I come from a New Town in West Lothian.
Livingston sprung up to deal with the population overspill from Scotland’s cities in the 60’s and over a period of thirty years gradually ate its way into the green belt between Edinburgh and Glasgow.
It was sold as a promised land. Where provisions would be world class and your kids could go to school and be surrounded by like-minded future visionaries. In reality, it was a cultural wasteland with gang violence and one independent record shop. Certainly, no place for a fledgling poofter to take flight.
As such, last night I found myself standing in awe, in the middle of Times Square waiting to head into a show. Not just because I’m in town working for the biggest arts festival in the world, but despite the odds, the show I’m seeing is directed by a man responsible for my continued love of theatre since my yoof (John Tiffany), and choreographed by another, who 18 years ago taught me some basics principles of physical theatre that informed most of my creative work since (Steven Hoggett).
The American Repertory Theatre production of The Glass Menagerie is what can only be fairly described as a masterpiece. In it, Zachary Quinto, Cherry Jones and Celia Keenan-Bolger deliver career defining performances. Hoggett’s wonderfully paired down movement direction underscored with a beautifully haunting soundtrack by Clive Goodwin and Nico Muhly is reminiscent of his earlier works with Frantic Assembly and of course, who wouldn’t be bowled over by the direction from the man who brought the world Black Watch.
Of course, central to the success of this show is the wonderful writing.
Though The Glass Menagerie catapulted Tennessee Williams to fame, I think that it’s always played second or third fiddle to his other works.
The fascinating thing about the piece over Cat on a Hot Tin Roof and A Streetcar Named Desire is that it is largely autobiographical and gives an amazing insight into the life and torment of the young writer. The characters and story mimic Williams’s own life, Williams (whose real name was Thomas) would be Tom, his mother, Amanda, and Laura, his sister Rose.
The dynamic between these three cast members is absolutely awe inspiring. In a time of reality TV stars and famous idiots, spending 2 and half hours in a room with these guys makes you realise there’s a reason that some people become famous. They are as skilled on stage as they are on screen and you feel that Tiffany has got the absolute best out of them all.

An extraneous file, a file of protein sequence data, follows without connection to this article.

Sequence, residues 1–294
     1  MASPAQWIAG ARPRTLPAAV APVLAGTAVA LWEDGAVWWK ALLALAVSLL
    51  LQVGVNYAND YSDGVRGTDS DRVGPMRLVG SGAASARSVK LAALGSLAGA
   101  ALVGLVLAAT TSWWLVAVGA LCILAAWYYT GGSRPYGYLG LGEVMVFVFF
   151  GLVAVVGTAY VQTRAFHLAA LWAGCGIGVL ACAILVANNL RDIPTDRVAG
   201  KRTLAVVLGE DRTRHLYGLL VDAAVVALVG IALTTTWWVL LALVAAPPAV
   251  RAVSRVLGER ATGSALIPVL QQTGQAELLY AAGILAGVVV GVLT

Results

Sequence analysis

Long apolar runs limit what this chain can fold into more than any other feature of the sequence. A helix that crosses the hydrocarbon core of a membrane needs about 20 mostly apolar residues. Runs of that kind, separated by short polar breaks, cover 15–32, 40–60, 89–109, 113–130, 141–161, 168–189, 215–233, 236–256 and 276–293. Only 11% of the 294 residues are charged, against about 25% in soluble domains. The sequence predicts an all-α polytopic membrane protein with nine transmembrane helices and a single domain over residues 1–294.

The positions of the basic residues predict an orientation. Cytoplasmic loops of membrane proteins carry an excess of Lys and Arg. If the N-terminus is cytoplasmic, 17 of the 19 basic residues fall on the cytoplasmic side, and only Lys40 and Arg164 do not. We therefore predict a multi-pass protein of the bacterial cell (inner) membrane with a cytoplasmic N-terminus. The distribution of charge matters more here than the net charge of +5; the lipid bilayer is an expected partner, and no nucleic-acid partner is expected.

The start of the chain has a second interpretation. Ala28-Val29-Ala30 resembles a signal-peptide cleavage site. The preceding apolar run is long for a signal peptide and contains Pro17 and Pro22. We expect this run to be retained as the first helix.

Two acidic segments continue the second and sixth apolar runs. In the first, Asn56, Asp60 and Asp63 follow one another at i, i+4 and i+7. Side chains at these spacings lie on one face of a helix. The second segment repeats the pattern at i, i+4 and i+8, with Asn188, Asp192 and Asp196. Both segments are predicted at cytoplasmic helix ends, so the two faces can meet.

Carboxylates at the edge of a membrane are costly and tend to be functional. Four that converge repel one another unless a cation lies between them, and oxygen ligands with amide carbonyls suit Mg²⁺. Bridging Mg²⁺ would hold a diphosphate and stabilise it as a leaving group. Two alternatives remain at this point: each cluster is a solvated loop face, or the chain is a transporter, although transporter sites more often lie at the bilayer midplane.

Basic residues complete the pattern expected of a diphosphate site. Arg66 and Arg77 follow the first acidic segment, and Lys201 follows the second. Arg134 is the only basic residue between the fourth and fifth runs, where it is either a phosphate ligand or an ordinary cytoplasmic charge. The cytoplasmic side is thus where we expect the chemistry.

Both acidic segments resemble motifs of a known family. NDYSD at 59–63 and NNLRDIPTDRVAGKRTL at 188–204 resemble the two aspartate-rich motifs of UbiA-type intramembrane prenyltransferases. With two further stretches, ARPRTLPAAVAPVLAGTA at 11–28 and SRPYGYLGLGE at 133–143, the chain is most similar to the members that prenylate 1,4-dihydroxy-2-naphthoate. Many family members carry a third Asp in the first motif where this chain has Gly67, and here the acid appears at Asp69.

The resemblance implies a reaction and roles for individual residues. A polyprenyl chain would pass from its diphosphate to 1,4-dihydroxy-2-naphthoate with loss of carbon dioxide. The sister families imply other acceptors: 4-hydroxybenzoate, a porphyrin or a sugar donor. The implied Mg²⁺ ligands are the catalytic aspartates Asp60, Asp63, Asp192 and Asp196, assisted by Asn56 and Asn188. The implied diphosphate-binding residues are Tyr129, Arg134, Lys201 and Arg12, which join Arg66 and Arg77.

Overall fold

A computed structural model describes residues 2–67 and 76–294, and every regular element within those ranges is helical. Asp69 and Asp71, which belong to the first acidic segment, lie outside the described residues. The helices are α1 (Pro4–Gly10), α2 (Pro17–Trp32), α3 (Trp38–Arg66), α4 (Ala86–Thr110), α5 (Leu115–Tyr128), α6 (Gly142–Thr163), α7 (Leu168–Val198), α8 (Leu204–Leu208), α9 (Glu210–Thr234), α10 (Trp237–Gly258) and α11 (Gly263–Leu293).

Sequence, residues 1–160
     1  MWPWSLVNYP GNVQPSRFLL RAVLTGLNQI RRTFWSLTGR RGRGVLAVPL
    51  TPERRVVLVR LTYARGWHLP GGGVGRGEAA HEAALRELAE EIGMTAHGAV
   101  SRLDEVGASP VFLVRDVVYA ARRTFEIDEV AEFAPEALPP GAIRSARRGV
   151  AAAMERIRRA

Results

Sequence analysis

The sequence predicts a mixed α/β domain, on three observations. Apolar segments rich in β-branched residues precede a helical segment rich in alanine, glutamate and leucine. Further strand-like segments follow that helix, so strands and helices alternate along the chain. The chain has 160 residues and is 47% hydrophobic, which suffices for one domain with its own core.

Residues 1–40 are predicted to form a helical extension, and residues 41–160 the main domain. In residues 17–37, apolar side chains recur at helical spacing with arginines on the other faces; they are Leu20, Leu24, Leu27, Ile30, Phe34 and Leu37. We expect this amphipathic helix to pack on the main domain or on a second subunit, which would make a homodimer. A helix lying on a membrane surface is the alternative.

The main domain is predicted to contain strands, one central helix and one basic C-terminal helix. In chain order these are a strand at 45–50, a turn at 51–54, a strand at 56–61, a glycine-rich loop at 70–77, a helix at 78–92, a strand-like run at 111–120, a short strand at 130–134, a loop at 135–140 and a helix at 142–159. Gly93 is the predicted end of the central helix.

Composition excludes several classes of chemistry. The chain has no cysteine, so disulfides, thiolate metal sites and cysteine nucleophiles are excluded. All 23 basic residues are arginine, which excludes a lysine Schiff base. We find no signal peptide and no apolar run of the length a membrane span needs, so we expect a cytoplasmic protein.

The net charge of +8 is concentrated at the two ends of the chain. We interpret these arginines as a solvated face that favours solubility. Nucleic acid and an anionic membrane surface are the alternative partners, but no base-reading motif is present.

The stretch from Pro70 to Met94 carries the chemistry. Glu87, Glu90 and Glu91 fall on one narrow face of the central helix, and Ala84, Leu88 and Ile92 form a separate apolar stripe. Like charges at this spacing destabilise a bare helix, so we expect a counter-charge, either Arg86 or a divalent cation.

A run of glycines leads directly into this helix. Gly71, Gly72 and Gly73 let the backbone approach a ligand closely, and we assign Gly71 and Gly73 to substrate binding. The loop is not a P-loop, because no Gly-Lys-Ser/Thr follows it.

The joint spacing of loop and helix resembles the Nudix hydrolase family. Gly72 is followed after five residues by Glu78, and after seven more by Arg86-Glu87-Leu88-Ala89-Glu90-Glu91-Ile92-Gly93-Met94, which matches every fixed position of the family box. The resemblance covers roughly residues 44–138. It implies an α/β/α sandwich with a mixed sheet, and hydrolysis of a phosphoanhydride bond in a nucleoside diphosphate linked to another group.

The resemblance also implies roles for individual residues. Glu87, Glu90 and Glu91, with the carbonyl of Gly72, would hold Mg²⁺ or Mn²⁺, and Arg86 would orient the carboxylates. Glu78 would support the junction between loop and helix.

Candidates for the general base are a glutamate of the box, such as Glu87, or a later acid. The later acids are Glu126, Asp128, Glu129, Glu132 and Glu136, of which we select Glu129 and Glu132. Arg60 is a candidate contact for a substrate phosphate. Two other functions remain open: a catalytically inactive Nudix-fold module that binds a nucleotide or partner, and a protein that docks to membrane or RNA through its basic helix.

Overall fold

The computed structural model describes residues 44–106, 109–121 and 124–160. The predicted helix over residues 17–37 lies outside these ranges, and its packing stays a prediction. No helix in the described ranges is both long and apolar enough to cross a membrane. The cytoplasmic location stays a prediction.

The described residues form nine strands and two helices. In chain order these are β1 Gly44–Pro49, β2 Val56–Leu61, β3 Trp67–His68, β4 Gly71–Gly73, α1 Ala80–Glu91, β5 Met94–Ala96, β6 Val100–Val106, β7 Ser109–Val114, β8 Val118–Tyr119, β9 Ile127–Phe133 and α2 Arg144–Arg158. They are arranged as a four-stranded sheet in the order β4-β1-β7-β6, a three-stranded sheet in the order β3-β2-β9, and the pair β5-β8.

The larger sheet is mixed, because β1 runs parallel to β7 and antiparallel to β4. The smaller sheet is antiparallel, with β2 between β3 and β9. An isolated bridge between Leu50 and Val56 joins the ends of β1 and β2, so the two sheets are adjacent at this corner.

And then comes Brian J Smith, the 4th and final cast member. I’ve always struggled with the inclusion of the Gentleman Caller (a previously existing short story by Williams) in the Glass Menagerie. It seems lazy and to be brutally honest takes focus away from the brilliant characters. Throughout the duration of this scene, I continue to hope for a glimpse into the other room, where Laura’s mother and brother speculate as to what’s going on. Alas, it’s a tad too late for Williams to heed my advice and rewrite, so what I will say of this scene is that Smith and Keenan-Bolger own it. If Kelly Rowland was in the room, she’d have stood up at the curtain and screamed YOU PUT IT DOWN GURLS. YOU PUT IT ALL THE WAY DOWN!
Knowing now what we do of Williams’ and his sexuality, one can’t help watch this production with morbid fascination as Tom is tormented by the shackles of responsibility set against a backdrop off oppression. A rather gritty insight into cruising culture back in the day makes for interesting subplots as Tom repetitively stumbles home late each night from movies and bars leading a closeted double life.
The Glass Menagerie plays The Edinburgh International Festival this August.
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